A Full thyroid evaluation should include:

  • TSH
  • Total and free T3 and T4
  • T3 Uptake
  • Reverse T3

Reference Range for TSH

Standard Reference Range: 0.45-4.12 mlU/L

Functional Medicine Optimal Range: TSH of 0.5-2.5 mlU/L

Reference Range for T3

Standard Reference Range: 2.8-4.0 mlU/L

Functional Medicine Optimal Range: 2.8-4.0 mlU/L

Reference Range for T4

Standard Reference Range: 0.93-1.70 mlU/L

Functional Medicine Optimal Range: 0.93-1.70 mlU/L

Reference Range for Reverse T3

Standard Reference Range: 8-25 ng/dl

Functional Medicine Optimal Range: Less than 15 ng/dl

Top Functional Medicine Complete Thyroid Panels Ordered Through Rupa Health

Boston Heart Diagnostics
Doctors Data

Vitamin D

Vitamin D comes from three main sources: sun exposure, diet, and supplements.

Even with adequate sun exposure and a varied diet, vitamin D deficiency is prevalent and affects over 40% of people in North America.

Vitamin D Deficiency is directly linked to several health concerns, including osteoporosis, heart disease, cancer, and impaired immune function. Functional Medicine practitioners like to see Vitamin D levels slightly higher than allopathic doctors. Research shows that higher levels of vitamin D help decrease inflammation and is associated with less risk of disease.

Testing for Vitamin D is quite simple, and most labs offer a blood spot option that patients can do from the comfort of their own homes.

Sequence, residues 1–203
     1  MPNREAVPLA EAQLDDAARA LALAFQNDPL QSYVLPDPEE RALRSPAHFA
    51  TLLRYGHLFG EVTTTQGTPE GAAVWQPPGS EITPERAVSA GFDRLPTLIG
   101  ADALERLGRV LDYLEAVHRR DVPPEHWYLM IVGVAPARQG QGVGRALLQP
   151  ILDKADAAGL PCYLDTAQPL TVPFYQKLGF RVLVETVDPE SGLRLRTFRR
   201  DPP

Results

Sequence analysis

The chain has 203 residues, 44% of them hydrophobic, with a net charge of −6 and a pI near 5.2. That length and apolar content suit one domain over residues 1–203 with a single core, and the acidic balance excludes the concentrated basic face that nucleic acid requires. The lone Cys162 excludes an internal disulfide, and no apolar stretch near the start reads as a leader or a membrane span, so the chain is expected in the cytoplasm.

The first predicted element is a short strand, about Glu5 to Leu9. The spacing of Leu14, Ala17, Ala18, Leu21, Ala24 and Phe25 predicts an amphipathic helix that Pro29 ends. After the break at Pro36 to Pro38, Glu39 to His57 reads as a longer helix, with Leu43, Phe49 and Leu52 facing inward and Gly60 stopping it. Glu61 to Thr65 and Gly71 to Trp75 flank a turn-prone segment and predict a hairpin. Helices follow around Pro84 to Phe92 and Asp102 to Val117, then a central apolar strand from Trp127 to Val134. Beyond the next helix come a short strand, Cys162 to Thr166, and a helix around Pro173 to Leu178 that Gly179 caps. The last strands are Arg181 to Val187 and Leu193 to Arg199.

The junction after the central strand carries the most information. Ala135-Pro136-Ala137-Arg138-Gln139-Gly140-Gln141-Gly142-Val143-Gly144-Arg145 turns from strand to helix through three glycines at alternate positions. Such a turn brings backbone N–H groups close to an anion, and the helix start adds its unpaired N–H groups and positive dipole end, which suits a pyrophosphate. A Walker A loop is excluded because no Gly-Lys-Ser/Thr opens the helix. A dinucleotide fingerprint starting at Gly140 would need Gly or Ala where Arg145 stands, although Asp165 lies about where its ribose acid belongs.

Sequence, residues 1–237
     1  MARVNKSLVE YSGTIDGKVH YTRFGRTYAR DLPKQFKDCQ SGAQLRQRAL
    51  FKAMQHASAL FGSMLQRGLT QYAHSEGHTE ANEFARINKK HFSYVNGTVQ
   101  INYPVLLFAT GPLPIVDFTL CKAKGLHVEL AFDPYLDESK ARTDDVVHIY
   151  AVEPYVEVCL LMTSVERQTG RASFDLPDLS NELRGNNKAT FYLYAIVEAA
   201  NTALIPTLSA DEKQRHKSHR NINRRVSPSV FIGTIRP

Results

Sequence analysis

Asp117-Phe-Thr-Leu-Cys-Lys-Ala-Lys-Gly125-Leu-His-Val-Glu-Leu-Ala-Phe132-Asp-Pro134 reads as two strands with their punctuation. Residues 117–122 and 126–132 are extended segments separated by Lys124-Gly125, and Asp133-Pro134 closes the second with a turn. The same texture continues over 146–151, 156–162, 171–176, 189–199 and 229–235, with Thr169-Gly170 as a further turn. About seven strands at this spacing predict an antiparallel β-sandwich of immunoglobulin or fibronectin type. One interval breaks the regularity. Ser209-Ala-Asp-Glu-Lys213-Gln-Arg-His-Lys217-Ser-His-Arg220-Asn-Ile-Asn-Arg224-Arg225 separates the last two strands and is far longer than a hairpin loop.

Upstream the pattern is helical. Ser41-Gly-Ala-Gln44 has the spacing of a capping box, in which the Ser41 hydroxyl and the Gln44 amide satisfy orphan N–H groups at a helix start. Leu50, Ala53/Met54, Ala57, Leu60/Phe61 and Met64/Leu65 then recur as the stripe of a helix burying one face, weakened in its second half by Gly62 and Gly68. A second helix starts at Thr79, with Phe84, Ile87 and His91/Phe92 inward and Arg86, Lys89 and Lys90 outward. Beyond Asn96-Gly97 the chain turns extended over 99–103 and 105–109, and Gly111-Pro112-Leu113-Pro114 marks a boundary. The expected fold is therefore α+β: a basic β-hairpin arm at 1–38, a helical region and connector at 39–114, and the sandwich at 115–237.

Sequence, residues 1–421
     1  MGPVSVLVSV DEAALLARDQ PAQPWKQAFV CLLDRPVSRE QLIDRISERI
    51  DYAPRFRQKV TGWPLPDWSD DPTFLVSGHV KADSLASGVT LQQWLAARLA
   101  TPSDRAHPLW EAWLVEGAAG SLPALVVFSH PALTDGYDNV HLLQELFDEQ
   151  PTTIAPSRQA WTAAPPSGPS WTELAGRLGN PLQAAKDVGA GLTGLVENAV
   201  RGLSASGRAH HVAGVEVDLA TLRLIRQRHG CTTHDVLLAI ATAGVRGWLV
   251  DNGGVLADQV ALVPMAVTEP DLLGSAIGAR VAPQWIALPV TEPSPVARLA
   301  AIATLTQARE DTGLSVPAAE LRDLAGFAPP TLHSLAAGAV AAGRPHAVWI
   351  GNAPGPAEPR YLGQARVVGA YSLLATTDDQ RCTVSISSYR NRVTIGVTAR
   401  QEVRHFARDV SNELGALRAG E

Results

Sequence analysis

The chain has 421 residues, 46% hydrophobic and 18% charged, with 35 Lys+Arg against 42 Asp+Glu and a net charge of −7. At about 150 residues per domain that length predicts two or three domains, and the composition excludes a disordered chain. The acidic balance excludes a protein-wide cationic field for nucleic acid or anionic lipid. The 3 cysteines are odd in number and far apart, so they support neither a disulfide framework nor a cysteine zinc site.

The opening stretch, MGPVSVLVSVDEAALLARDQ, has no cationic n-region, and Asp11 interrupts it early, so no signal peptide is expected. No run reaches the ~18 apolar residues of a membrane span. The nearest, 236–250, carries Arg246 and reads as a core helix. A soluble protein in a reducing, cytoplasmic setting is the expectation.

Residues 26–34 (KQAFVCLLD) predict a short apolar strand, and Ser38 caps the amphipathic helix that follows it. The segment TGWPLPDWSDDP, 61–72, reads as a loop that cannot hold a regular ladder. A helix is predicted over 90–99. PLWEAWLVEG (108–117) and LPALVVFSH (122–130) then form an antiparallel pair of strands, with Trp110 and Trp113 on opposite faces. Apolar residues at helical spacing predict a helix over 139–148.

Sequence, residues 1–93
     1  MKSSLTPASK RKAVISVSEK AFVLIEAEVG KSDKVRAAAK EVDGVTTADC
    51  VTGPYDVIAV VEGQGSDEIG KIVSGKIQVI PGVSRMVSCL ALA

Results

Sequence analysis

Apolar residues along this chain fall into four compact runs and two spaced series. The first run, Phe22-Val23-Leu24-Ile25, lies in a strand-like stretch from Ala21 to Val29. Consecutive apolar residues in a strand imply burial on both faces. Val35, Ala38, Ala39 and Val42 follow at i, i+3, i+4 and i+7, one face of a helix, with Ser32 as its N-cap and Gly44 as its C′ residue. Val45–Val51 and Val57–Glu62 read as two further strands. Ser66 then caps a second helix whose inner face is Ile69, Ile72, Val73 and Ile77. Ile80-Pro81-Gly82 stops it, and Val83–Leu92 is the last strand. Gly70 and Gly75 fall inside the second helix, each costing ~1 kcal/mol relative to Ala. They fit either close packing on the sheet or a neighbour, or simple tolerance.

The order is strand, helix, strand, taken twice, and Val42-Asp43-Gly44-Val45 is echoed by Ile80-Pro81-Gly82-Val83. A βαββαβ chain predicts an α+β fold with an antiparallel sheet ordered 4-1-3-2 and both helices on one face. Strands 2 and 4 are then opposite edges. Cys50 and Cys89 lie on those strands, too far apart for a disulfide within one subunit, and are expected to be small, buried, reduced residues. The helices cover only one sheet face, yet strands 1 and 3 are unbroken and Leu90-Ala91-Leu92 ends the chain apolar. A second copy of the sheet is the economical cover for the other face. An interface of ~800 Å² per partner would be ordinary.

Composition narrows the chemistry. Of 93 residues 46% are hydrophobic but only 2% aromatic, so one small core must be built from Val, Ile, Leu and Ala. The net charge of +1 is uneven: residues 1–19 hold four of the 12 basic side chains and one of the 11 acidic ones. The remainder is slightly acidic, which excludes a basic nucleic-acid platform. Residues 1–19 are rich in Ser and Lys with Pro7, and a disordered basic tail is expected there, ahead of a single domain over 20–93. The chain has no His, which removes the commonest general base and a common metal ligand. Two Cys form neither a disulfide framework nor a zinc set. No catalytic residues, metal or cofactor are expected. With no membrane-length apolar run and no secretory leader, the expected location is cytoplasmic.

Reference Range for Vitamin D

Standard Reference Range: 20 and 40 ng/mL

Functional Medicine Optimal Range: 40-70 ng/mL

Top 3 Functional Medicine Vitamin D Test Ordered Through Rupa Health

US BioTek
Great Plains Laboratory


Insulin resistance currently affects 1 in 3 Americans and is a precursor to prediabetes and eventually type 2 diabetes if not managed through nutrition and lifestyle intervention.

There is no one lab test that can directly screen for insulin resistance but looking at the entire clinical picture alongside labs can show abnormalities in cellular glucose metabolism long before one actually develops diabetes. Therefore, we owe it to our patients to screen for evidence of glucose dysregulation as early as possible.

Insulin resistance (IR) marks the beginning of these metabolic changes and can be detected via blood work, glucose tolerance tests, or continuous glucose monitors.

Reference Range for Hgba1c

Hgba1c is a blood test that measures your average blood sugar levels over the past three months using a percentage point.

Standard Reference Range: Under 5.7

Functional Medicine Optimal Range: 4.6-5.5

Reference Range for Fasting Insulin

Insulin resistance is characterized by increased insulin levels in the blood.

Standard Reference Range: 2.6-24.9 mcIU/ml

Functional Medicine Optimal Range: 4.6 – 5.5 mcIU/ml

Reference Range for Fasting Glucose

This is a measure of how much glucose (sugar) is in your blood after an overnight fast.

Standard Reference Range: 70 – 125 mg/dL